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Kaufman’s Brooklyn: Eight photos of ‘Public service organizations: children’

August 26, 2020 Phil Kaufman
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My father, Irving Kaufman (1910 – 1982), was a professional photographer who started in Brooklyn in the mid 1930s working for the Brooklyn Daily Eagle. He captured thousands of images of Brooklyn through the 1950s. I have recently digitized a great many of them. My father’s profile can be found here.

This week’s theme:

This week’s theme is “Public service organizations: children.” It’s similar to last week’s focus, “Public service organizations: healthcare.” These photos of children often involve healthcare services, but also include general child welfare programs. Also, as was the case last week, these organizations were privately funded and organized, with minimal government support.

More by coincidence than design, this week also highlights four organizations; my father happened to do a lot of work for these four. Two were specifically Jewish — partly, I’m sure, because my father was familiar with them and may have had connections to them, but also because of the large and active Jewish community in Brooklyn at the time. The four organizations are the Brooklyn Hebrew Orphanage Asylum (BHOA), the Brooklyn Home for Children (BHC), the Flatbush Boys Club (FBC) and the Jewish Hospital and Sanitarium for Chronic Diseases (JHCD).

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Today’s photos:

Today’s photos are from a specialty Jewish Organization that has, like many others, morphed and grown through generations, and still exists. In the years of my father’s photographs it was named the Jewish Hospital and Sanitarium for Chronic Diseases. (Back on August 5, I displayed a couple of pictures, under “Construction scenes,” of the new building as it went up in 1939-40.)  Unlike the organizations featured earlier this week, the Jewish Hospital (JH) was not exclusively for children, and was established in the 1920s, not way back in the mid-1800s.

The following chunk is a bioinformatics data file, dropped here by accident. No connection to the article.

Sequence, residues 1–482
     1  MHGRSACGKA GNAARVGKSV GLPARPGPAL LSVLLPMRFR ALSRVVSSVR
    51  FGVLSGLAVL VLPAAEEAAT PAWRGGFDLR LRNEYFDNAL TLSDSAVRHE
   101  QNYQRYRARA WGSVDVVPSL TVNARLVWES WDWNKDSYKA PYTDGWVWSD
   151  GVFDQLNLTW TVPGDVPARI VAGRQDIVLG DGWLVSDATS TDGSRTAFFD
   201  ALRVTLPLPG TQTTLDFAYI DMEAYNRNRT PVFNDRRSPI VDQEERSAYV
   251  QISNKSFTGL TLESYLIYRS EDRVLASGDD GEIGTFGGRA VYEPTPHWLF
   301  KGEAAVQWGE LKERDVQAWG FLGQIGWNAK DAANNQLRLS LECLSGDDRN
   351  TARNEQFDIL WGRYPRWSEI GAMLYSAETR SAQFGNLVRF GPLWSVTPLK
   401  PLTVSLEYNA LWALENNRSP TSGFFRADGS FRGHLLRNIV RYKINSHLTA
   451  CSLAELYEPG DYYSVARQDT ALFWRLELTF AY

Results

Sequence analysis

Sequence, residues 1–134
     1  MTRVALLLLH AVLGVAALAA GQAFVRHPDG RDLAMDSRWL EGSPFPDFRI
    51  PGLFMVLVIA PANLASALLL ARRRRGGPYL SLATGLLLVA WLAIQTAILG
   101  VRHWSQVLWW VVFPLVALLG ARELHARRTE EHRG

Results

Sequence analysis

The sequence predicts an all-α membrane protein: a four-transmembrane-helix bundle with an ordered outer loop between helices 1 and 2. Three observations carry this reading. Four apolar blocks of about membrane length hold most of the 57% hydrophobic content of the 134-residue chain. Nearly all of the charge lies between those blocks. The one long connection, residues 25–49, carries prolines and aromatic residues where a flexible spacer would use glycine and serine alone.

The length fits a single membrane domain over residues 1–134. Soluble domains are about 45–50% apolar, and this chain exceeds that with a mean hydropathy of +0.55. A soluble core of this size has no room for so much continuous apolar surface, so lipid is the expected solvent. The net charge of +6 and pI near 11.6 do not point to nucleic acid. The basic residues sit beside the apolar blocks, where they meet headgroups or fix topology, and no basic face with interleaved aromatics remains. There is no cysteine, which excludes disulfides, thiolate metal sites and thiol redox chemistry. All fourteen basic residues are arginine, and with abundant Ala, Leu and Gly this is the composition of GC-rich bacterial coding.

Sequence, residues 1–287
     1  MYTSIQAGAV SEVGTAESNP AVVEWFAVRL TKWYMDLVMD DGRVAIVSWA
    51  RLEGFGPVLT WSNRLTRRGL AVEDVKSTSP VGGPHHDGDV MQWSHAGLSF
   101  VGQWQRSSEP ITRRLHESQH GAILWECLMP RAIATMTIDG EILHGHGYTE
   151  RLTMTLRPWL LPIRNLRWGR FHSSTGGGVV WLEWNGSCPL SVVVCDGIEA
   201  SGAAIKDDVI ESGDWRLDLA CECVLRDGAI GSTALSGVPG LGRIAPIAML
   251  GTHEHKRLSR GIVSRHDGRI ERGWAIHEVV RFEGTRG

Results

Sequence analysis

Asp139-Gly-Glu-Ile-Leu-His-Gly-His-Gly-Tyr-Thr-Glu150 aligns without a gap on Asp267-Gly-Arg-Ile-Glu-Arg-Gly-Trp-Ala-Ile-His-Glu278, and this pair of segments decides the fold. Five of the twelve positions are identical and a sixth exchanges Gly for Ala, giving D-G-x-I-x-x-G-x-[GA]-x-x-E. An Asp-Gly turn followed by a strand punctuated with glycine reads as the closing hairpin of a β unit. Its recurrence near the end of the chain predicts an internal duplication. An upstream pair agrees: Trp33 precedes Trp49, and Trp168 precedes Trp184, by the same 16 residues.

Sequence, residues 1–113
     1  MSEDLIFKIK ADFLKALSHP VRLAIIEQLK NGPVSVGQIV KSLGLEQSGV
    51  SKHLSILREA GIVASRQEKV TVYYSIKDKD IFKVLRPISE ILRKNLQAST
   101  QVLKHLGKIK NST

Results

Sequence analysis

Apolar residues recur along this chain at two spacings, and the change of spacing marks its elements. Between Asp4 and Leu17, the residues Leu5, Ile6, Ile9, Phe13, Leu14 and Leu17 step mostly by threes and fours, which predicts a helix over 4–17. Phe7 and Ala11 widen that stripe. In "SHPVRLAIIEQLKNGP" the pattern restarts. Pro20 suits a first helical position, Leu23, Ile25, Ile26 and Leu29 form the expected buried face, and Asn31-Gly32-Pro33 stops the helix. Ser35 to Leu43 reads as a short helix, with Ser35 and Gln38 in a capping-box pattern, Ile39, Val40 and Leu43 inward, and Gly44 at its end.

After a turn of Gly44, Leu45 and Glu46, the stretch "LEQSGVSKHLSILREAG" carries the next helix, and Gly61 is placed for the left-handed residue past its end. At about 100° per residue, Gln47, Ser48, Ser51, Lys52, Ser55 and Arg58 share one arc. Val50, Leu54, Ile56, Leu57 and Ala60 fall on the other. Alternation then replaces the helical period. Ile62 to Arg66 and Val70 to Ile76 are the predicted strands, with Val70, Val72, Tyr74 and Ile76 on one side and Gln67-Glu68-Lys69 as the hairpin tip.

The hospital was conceived in 1925 when members of the Daughters of Israel, who had been visiting hospitalized Jewish patients throughout Brooklyn, recognized that many with incurable or chronic conditions had special needs that could not be met at home or even in a general service hospital. The organization spearheaded a project to create a facility to provide the needed care, which resulted in the construction of a 300-bed hospital in East Flatbush that opened in April, 1929.

As with so many other similar facilities, the needs only grew from there. Despite the Depression, the directors were able to find the money for a second building, which opened in 1933, providing another 300 beds and many special services rooms. A third building, referred to above, came along in 1940.  The entire facility was, and still is, located at Rutland Road and East 49th Street.

The Hospital continued to grow, expand and change names. It has evolved into the Kingsbrook Jewish Medical Center, “a comprehensive acute care hospital” focused on “rehabilitation, comprehensive behavioral health, orthopedics, and neurosurgery.”

The photos here include several of children, and some of adults as well. The hospital’s patients varied in age and condition, but all needed specialized care and support — including the babies — but with as much normal activity as possible. I’ve included a final image at the hospital’s construction site, mainly as a way to show, as I often do, some of the sponsors and volunteers who are responsible for these impressive public service institutions. The scenes are from 1939 and 1940, before the new building opened in fall, 1940.

Patients in their daily lives, Jewish Hospital and Sanitarium for Chronic Diseases, 1939-40


Board members visit their third building in 10 years, Jewish Hospital and Sanitarium for Chronic Diseases, 1939

An index of Kaufman’s Brooklyn posts may be found here.

Irving Kaufman’s profile may be found here.

I invite you to submit comments, memories, images of Brooklyn, and especially any additional background information you can supply about the photos posted here to [email protected]. I’d also be glad to supply information about buying prints of any of the images seen here. Many of my father’s images are also available for viewing and purchase at All prints purchased will be the product of professional scanning and editing.

Weekly collection 17: Photos of ‘Public service organizations: children’

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